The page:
Page 1 of 8 Nov 1978 Issue of Northeast Suburban Life in Cincinnati, Ohio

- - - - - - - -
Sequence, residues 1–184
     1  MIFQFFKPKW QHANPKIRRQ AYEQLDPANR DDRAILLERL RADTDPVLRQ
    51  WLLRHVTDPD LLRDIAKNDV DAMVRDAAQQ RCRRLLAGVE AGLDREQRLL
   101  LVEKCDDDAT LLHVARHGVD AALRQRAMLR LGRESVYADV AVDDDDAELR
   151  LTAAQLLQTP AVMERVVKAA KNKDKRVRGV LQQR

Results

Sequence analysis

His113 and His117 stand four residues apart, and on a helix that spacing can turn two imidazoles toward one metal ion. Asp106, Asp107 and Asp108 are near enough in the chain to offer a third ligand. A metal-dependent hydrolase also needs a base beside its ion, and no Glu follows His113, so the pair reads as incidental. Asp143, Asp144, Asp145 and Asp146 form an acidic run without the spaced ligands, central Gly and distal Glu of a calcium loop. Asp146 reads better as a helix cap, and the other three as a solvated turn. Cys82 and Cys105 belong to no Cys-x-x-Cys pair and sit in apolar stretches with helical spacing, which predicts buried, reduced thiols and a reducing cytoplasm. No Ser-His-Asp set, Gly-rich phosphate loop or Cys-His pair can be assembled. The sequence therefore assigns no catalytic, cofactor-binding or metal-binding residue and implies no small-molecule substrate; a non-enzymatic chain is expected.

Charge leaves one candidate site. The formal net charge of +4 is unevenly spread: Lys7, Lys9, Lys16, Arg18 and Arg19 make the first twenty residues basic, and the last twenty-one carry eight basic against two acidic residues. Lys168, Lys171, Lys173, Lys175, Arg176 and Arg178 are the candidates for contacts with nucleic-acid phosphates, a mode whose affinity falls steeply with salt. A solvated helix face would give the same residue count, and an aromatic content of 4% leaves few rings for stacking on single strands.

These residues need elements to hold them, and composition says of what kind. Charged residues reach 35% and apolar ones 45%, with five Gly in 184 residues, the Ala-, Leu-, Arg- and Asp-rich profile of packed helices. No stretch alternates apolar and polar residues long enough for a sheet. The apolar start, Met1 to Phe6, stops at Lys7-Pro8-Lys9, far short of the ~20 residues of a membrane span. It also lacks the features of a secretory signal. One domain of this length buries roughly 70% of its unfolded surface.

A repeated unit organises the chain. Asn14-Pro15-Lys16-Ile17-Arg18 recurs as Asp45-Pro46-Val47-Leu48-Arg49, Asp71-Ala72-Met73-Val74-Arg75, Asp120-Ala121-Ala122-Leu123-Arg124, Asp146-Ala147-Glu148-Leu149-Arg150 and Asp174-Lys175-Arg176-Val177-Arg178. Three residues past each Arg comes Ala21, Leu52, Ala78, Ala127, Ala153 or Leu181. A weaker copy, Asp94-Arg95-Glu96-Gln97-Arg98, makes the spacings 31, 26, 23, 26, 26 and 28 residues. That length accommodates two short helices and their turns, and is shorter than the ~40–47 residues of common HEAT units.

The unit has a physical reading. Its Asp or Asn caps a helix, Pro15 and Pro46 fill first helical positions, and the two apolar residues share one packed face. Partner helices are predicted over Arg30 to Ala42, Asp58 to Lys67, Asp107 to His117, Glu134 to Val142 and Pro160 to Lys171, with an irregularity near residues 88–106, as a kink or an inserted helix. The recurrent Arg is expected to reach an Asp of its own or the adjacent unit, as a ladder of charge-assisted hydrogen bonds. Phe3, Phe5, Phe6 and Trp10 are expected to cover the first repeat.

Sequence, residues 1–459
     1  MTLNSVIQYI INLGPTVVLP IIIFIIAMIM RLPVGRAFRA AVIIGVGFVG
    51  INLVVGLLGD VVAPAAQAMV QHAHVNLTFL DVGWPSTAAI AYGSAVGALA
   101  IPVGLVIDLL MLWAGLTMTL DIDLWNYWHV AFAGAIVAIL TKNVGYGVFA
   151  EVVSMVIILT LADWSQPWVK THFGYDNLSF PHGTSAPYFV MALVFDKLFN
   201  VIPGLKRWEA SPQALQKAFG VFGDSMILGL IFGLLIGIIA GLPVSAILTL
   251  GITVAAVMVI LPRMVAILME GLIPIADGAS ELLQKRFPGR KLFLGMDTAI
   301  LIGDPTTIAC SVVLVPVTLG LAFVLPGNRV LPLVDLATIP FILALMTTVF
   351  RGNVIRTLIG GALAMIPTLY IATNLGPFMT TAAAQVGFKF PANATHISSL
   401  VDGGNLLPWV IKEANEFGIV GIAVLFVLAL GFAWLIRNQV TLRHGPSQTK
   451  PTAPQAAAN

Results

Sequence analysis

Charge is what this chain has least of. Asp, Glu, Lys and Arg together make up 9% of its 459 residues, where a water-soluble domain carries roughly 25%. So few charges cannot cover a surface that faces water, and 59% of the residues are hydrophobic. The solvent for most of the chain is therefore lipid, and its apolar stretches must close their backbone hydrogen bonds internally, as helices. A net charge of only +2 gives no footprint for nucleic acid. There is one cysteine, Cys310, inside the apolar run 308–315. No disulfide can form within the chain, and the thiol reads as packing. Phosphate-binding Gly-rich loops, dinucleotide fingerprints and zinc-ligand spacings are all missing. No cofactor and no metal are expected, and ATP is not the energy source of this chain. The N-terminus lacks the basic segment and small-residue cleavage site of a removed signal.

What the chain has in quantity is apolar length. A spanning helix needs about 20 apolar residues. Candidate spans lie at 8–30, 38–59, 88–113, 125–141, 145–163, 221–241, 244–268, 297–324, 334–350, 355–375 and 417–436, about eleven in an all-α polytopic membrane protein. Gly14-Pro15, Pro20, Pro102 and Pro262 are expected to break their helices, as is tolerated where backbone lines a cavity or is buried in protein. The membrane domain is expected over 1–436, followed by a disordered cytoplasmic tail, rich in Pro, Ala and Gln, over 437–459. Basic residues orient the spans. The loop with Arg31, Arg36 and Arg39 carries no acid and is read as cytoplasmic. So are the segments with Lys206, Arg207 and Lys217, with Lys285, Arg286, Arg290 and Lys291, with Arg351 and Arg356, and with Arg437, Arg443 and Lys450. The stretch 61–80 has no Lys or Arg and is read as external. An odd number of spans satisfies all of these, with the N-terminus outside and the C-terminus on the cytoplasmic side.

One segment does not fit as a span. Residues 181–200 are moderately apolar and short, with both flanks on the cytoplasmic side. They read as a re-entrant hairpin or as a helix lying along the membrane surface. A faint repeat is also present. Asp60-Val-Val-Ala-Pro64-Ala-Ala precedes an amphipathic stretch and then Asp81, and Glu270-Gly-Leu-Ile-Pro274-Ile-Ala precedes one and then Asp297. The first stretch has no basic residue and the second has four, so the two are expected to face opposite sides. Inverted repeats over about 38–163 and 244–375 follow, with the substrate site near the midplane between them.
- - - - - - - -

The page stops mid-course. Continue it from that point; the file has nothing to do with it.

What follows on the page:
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Northeast Suburban Life (Newspaper) - November 08, 1978, Cincinnati, OhioNews in Brief five students arrested Iti Madeira High break in Madeira police arrested four Madeira High school students and one Moeller High student nov 1, in connection with the break in at Madeira High school oct. 28. The school commons building was entered and ransacked. The five Are charged with breaking and entering and vandalism police said. The students Are scheduled to appear in Hamilton county juvenile court. Police said the investigation is continuing since it is possible others might be involved. A textbooks notebooks and papers of Over 600 students were throw in a Heap said John Rahe Madeira school superintendent fie said damage to the building itself was minor. The total Cost of broken test tubes textbooks and overturned desks is still being calculated. Insurance reports Are being filed he said. The clean up operation tuesday oct. 31, was a organized and Well done a according to Rahe. He commended the students and faculty for the clean up Effort. Fale of Pioneer Home Uncertain in Indian Hill the Fate of Indian Hills a Eliot House was again approached by that City a Council and the question nearly everyone asked was a what to do with it the House built by John Eliot in 1802, one of the areas earliest settlers has been rapidly deteriorating from age and neglect although a band of Village citizens want to save it. Council member Betty steer who would like to see the old House restored proposed oct. 30 that the House and the Small tract of land that goes with it be sold for $5,000 to enable the Village to a a match another $5,000 in funds from a Pant. The catch is that the Home would have to be rehabilitated at an estimated Cost to the buyer of about $150,000. A steer said that the loss of the Home which is on the National registry of historic places would be a tragedy for both the Community and the state. The Council did not make any decisions regarding the House but residents can watch for a notice in the in Dian Hill bulletin about some new plans to save the 176-year-old Structure. Bees do not get. Reprieve in Montgomery mayor Fred Young announced at the november Montgomery City Council meeting that there can be a no compromised a on Bee keeping in the City and that Bee hives must be out of the City by nov. 30. The mayor said that present Bee cultivation violates City zoning Law according to the advice of the City director of Law. The five Bee keepers affected had requested a Compromise which would have allowed them to keep their bees with certain restrictions. The City a position is that the Hobby is an agricultural Pursuit and requires five acres of property. Councilman Howard Smith asked for further discussion on the matter Between the Bee keepers and the City. Scaffold collapses injuring two workers two men were injured one seriously when scaffolding collapsed at the construction site of the Blue Ash municipal civic Center nov. 1 about 7 50 . Gordon Baker 3362 White Oak re. Was listed in fair condition at Bethesda North Hospital monday. He is recovering from a fractured spine suffered in the 10 foot fall. Richard Teuschler 5890 Springdale re. Was treated for a sprained ankle and released Hospital officials said. Both men Are employees of the Jess Hauer masonry co. Baker and Teuschler were working on scaffolding laying Cement Block when a bracket sheared off and the support fell Blue Ash police said. The two men fell about 10 feet to the ground. The civic Center is being built at 4443 Cooper rd., next to the Blue Ash municipal building. Last cd hearing set in Blue Ash a final Public information meeting will be conducted As part of the regular nov. 16, City of Blue Ash Council meeting. The meeting will give an explanation to citizens on proposed plans for use of Community development cd Block Grant funds for 1979 for the City of Blue Ash including the proposed consortium Grant proposal to be submitted by the cities of Blue Ash Montgomery Sharonville Deer Park and Sycamore township for the construction of an addition onto the Sycamore senior adult Multi service Center building. The Blue Ash Community citizens advisory committee also recommends that cd Grants be proposed to 1 contract for a comprehensive improvement master plan for the Cooper Kenwood Road commercial residential Vicinity and 2 implement a com project for the Hazelwood Citi vision. Prehensile renovation and neighbourhood improvement a Suben be Able t a comment tap a Ash municipal and safety Center 4343 Cooper Road. Citizens will be Able to a comment on the proposals and to make recommendations. The Council meeting will Start at 8 . In the Council Chambers of the Blue Warp Cincinnati twice each week a different news team in Chrisy Rader s and Lorna peal s fifth Grade class at the Edwin h. Greene school do a live broadcast from their own station a a Warp Cincinnati one of the recent news teams at e. H. Greene school featured from left Renee Wess local news Jennifer Taft weather Holly forme 1. Special interest Karie Bowie Anchor woman David Clark sportscaster Loire Arnold National news. Library Ohio historical society 1932 Velna five. Col tint bus Ohio 4 3211 a ii Joti to place a classified and Call 731-7170 by 4 00 . Monday display advertising amp news Call s31 -0234 Cincinnati us Bimbane newspapers inc. Blue Ash Montgomery a Amberley Village Indian Hill Madeira pleasant Ridge Brecon Kennedy Heights is Berton Kenwood Deer Park Rossmoyne Dillonvale Ridgewood up q0 Csc Kumow on awl vol. Xvii no. 15 i5c Cincinnati Ohio wednesday november 8, 1978 4415 Montgomery re phone s31 -0234 stretch of Highway a top Accident spot in Cincinnati a a a v. Stay off Montgomery Road if you can y Maureen Hehman major roads of double ans Wera to Mont i a Trot he of taif Nurt t to a five 1 amp a 9� Cramo Rirs a i Rafter rom Lamn by Maureen Hehman the stretch of Montgomery re. In the City of Montgomery May be the most unsafe Road tor Auto traffic in greater Cincinnati. This rather glum conclusion was one of the findings of planner Jack Pflum in phase ii of a comprehensive traffic study for the City. With 63 accidents per mile per year Montgomery re. Corridor has roughly twice the number of accidents it should have Pflum Siad. The Only area comparable in its very High Accident rate May be the intersection of Reading and Seymour roads Pflum speculated. The High Accident rate on Montgomery re. Is largely attributable to the number and confusing variety of turns onto and from the Road City officials believe. The phase two traffic study includes an inventory or roadways their widths general conditions and traffic signalling As Well As an Accident and safety inventory. A a Rumira phase two Stodt follows an initial report which told of an expected growth in traffic along Montgomery a teachers Are tops teachers from area schools were judged a a outstanding for on the Iob performance under the Cincinnati Public school staff appraisal conducted during the 1977-78 school year the teachers were selected from about 850 teachers evaluated. Teachers Are appraised in their first and third years of service or when eligible for continuing a contract. The total teaming staff in the school system numbered 2,-865 in 1977. Area teachers judged outstanding Are Kennedy Gwendolyn r. Kreitzer. Shroder Janice Aron. Silver Tun Mary d. Atkinson Elizabeth j. Eble. Woodford Jane f. Ellis Peggy f. Selonick Kathleen j. Wilson. Woodward Georgia Lacklin Nelda a. Billups Samuel j. Capozzolo Edwin Frey jr., Alberta h. Holland Mary j. Johnson Paulette a Meier Beverly h. Miller Mary b. Never James a. Rufif Mary m. Weiler. Review officers reappointed Bill Miller was reappointed environmental review officer in the City of Montgomery and Kuehn Frederick was reappointed architectural review officer at the nov. 1 City Council meeting. The consultants were renamed by mayor Fred Young and confirmed by unanimous vote of Council. The Monteview development plans in the City to insure conformance to the City a new zoning code particularly in the Case of planned development pm applications. Major roads of double within the next 15 to 20 years from 10,000 cars per Day to 24,000, for instance on Pfeiffer re and from 20,-000 to 40,000 on Montgomery re. The amount of increase was arrived at by studying known and easily Predicta ble growth in Montgomery and in adjacent communities of Blue Ash Indian Hill Symmes and Sycamore townships. The liter ease in the number or cars on Montgomery re. Is theoretical in this sense that is How Many cars it is estimated. Will be attempting to use these roads but w Hether or not the roads can actually the traffic is another Story. In their present conditions and sizes they probably would not be Able to. Montgomery May have the option to Widen roads in anticipation of the increased traffic or choose to retain the present Road Quot sizes in which Case the traffic will probably dispense throughout secondary and subdivision streets for preferably avoid the City altogether. Answers to Montgomery a traffic problems will be suggested in the next phase of the traffic study. According to the study. Main and Remington was the most treacherous intersection in the City with 13 accidents last year and an a involvement rate Quot of 3.10. The involvement rate takes into account not Only the Gross number of accidents but also the number of accidents per traffic volume and or Miles to arrive at a truer picture of just How dangerous the intersection or stretch of Road May he. The traffic safety Situa to ion at main and Remington has been recently improved with installation of a red flashing Light so that it is probably no longer Montgomery a most dangerous intersection. That dubious distinction now belongs to the intersection of Montgomery and Mitchell farm roads Voth 22 accidents last year and an involvement rate of 2.92. Other dangerous intersections in the City in descending rank Are listed on Page 8. At semifinals tomorrow the Indian Hill High school girls varsity volleyball team has had a terrific Mason this year with an Eastern Hills league record of 12 and 2. They will play in the semifinals against Fairfield tomorrow at the Cincinnati gardens at 8. Pictured Are team members top Row a. Cucinatta l. Evans j. Rogers d. Cucinatta. S. Novak m. Seremetis and coach s. Cook Bottom Row t Hofmann j. Schmalstig r. Graham s. Langemeier and a. , absent when picture was taken was a. Montelius who is the a youth for understanding student photo by Rob Zesch. Inside letter to editor arid commentary on me of youths name in paper Page 2. Sycamore claims Ehl Crown Page 17, Moe wins gel Page 19. News from our schools pages 20, 21, 22, Normal a in the Kitchen making pumpkin pie and other Good things next to last Page news from siberian Council on Page 3. Weddings and engagements on Page 16, Hagerty Calls Quot wedding a a funniest film of the year see second Section. We buy diamonds and Diamond estates my Cox memo six Ciali to from sect 110 Mck or 4 Truw Ftp �?�100 to �?�100,000 321-5100 Call for appt 201c Madison Road 791-0793 Madeira band at us Byron Jennings. Kim Shinkle and Danette Russel take a break from rehearsals for the marching band concert while other band members and Drill team discuss the t c Homecoming Parade in which Madeira s band will be marching saturday nov. 11. Parade time is 11 . Madeira marching Mustangs Are directed by Rick Villi son. Barb Watson is the Drill and Flag team advisor. Othel Madeira news Page 4. Suggest alternatives in residents speak against tax increase by Robert guard a concerned group of about 30 Indian Hill residents gave their views on a proposed increase in their income tax at a meeting of the Indian Hill Village Council oct. 30. Although a few residents voiced their approval for the councils proposal most of the taxpayers who showed up were against the rate hike Indian Hill residents will probably be faced with a so percent increase in their City tax raising the rate on yearly incomes from one half percent to three quarters of a. Percent. The tax is non credited. Route 4 bus change service on the route 4 bus is being altered by Queen City metro As of nov. 19. The bus services Montgomery Dillonvale Kenwood Madeira Silv Erton and Kennedy Wyatt. Route 4 bus will now take a More direct route operating via Elsinor instead of Florence ave. The change is designed to alleviate traffic congestion encountered along Florence ave. And should alleviate detours along Florence during severe ice and Snow conditions. And most residents Are also subject to earnings taxes in cities where they work. The tax is considered a a retroactive by some residents since it applies to All income earned in 1978, most of which will be earned before the tax hike ordinance is passed. Councils Law committee however has advised that the tax is not a a retroactive according to Ohio Law since the tax ordinance will be passed in the same year As income is subject to it 1978. Usually tax Laws apply to income earned following their passage. Council members who met at Drake elementary schools auditorium told the Small crowd that the increase is needed to meet the Rise in operating costs particularly Road improvements and salaries and to maintain a 20 percent Cash Cushion for emergencies. De Sloane a resident of Drake rd., suggested that a instead of taking another la percent of my income each year Council simply assess every household $150 for essential services. Village mayor Andrew c. Hauck said that in the past a service fee has been considered. But that there has never been an agreement on implementing one. Hugh Mcdonald $895 fill Arr to m a Natur of Wicker to edict bran it the font Days of m to the Homes of your special friends and Rafat waa. Order at just s8.9s for free Daf Twery within metropolitan Cincinnati. Offer Good through tuesday november 14. Town Square another Village taxpayer asserted that the proposed tax hike would foe inflationary and contrary to president Carters recent request for voluntary wage and Price controls throughout the nation. Two weeks ago Indian Hill was faced with a projected deficit for 1979 amounting to $243,000, but finance committee chairman Robert Miles announced monday that the Village has received a recent Windfall from an inheritance tax totalling $280.000. The newly received funds eliminate the projected deficit but Miles added that Indian Hill would still be operating with Only a marginal surplus for �?T79 to meet inflation. One resident told Council to a a Gamble on the surplus in Hopes that ends will meet. Mayor Lauck said be refused to take a. Chance on running Short of funds but be did Tell the residents presen i that if All of the funds generated by the tax increase Are not needed the tax could be reduced from .75 percent to .7 percent or even .65 percent. The third Reading of the proposed increase and its adoption is scheduled for nov. 27 at the councils regular monthly meeting. Schwinn deluxe savings in 7711 a 753� Kenwood re Reno sir Ronten Mono Plaza Lay away now for Christmas Montgomery cycler 793-3855